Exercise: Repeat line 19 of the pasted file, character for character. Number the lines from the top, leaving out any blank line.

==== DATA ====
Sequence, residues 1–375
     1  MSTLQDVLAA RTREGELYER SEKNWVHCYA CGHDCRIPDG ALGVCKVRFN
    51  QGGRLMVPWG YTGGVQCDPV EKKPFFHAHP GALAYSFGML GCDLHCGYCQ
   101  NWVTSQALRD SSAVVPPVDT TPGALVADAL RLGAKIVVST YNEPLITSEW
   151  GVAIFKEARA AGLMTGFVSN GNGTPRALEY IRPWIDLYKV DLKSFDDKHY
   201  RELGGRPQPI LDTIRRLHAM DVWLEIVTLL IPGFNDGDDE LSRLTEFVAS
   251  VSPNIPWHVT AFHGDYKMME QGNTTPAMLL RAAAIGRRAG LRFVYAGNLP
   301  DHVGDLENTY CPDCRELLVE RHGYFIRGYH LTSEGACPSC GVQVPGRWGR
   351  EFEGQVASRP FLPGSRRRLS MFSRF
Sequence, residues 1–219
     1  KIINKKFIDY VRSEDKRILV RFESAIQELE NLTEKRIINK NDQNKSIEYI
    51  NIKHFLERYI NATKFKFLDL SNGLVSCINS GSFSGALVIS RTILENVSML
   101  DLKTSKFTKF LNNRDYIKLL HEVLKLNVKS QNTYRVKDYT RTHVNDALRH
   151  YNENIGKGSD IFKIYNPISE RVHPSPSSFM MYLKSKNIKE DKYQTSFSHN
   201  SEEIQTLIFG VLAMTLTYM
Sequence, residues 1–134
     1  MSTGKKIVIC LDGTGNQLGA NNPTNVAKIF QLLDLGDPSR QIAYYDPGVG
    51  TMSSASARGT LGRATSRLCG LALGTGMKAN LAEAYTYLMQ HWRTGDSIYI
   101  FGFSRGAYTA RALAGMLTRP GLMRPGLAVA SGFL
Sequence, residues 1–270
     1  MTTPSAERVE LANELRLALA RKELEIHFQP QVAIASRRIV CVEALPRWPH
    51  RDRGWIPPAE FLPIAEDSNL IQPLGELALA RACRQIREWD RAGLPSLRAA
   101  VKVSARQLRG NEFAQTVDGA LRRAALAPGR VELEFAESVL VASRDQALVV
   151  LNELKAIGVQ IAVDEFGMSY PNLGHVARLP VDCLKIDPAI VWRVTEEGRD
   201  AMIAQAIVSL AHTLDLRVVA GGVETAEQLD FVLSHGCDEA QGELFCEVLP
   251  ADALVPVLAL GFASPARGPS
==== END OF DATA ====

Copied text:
   101  FGFSRGAYTA RALAGMLTRP GLMRPGLAVA SGFL